Doctors reach security agreement with interior ministry

Hend Kortam
4 Min Read
Striking doctors announced mass resignations at a press conference held in the Doctors’ Syndicate AFP Photo
Doctors insist on providing patients with free treatment inside the internal departments of the hospitals. (AFP Photo)
A new “security activation” plan was agreed upon between Minister of Interior Mohamed Ibrahim and representatives of the doctors syndicate on Saturday.
(AFP File Photo)

A new “security activation” plan was agreed upon between Minister of Interior Mohamed Ibrahim and representatives of the doctors syndicate on Saturday.

In the case of an emergency, the plan details, additional forces will be called in to reinforce hospital security.

The new agreement stipulates that in case of a crime against a hospital, a report on the incident is drafted with hospital administration to be sent to a police station. State prosecutors will then interview the members of the medical staff who were assaulted to give their accounts of the assault.

The agreement also states that hospital security will be reinforced through police involvement with hospitals’ own administrative security in managing the entry of patients and their visitors into hospitals.

At the end of the meeting, the two sides agreed that there will be “permanent communication” between the syndicate and officials in the ministry to ensure the implementation of the agreement.

Secretary-general of the syndicate Mona Mina attended the meeting with Ibrahim and his aides.

Hossam Kamal, the rapporteur of the syndicate’s media arm, said earlier that the meeting was requested in order to reach “quick and radical solutions to prevent repeated assaults on hospitals”.

This meeting comes after the doctors syndicate requested in an official statement a meeting with the minister on 23 December to “address repeated assaults” on medical institutions and staff.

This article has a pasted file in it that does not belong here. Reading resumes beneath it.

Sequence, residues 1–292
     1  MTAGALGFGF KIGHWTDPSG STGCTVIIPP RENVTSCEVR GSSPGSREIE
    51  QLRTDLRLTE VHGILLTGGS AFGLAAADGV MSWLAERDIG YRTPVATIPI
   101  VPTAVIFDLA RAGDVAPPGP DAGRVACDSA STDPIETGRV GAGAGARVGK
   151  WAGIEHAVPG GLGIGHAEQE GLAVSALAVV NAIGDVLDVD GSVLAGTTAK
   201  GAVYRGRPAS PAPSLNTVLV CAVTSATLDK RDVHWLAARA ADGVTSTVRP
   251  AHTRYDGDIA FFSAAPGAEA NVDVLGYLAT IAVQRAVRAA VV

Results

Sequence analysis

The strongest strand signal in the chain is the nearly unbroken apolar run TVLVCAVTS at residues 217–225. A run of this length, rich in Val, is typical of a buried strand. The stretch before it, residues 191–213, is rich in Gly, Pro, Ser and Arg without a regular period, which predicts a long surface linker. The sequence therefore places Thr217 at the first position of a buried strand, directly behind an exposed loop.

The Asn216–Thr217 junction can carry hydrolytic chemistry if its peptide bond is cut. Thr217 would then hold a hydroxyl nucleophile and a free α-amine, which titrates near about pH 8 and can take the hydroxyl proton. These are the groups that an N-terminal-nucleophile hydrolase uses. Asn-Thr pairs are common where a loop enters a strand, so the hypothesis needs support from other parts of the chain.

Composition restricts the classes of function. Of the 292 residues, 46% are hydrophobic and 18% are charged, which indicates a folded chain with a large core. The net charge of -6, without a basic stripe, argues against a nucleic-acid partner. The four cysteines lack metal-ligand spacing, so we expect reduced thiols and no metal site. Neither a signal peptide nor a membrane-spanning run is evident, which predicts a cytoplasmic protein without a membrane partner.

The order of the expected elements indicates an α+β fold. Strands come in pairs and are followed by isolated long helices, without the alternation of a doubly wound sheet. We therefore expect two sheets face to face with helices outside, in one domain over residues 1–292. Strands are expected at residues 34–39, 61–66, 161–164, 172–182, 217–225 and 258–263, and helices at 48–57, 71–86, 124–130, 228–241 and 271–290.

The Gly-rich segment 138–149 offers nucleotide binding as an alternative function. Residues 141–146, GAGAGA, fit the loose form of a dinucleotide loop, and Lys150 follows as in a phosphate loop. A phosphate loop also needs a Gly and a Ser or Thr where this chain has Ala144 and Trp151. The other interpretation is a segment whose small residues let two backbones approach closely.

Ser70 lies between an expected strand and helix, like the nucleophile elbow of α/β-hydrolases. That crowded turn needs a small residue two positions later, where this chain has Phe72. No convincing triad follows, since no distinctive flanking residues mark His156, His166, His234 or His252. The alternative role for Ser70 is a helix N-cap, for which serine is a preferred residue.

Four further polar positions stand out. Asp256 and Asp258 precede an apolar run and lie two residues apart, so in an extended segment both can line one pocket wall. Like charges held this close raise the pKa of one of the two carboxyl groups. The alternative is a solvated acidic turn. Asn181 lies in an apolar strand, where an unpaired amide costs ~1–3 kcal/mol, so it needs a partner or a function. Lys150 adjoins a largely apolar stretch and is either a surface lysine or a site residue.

Doctors have been calling for defending hospitals from attacks and assaults for months. One recent attack on a hospital took place on Friday at dawn, leaving three doctors at Imbaba General Hospital injured with cuts and bruises and causing damage to the emergency care department.

Throughout the past years, there have been several incidents in which doctors in public hospitals were forced to shut down their emergency operations due to attacks, which has prompted the syndicate to repeatedly call for more security. In May, doctors from the Beni Suef General Hospital emergency department started a strike after such an attack.

One of the three demands that doctors raised during their strike in 2012 was a law to create harsher penalties on anyone who commits an act of aggression against doctors or hospitals.

While the doctors’ strike lasted overt 80 days in 2012, the syndicate is taking a different approach this year. They staged a strike on 1 January and are planning to stage another one on Wednesday, 8 January.

The strike includes members of all hospitals and medical institutions that operate within the public healthcare sector and will affect all non-emergency medical services and outpatient clinics. However, the emergency operations, kidney dialysis processes, intensive care units and incubators will continue to run normally.

The syndicate’s demands this year are the same as in 2012: increasing hospital security, raising the state budget for health care, passing a draft law that would raise doctor incomes, and assisting hospitals with training and promotions in hospitals across Egypt.

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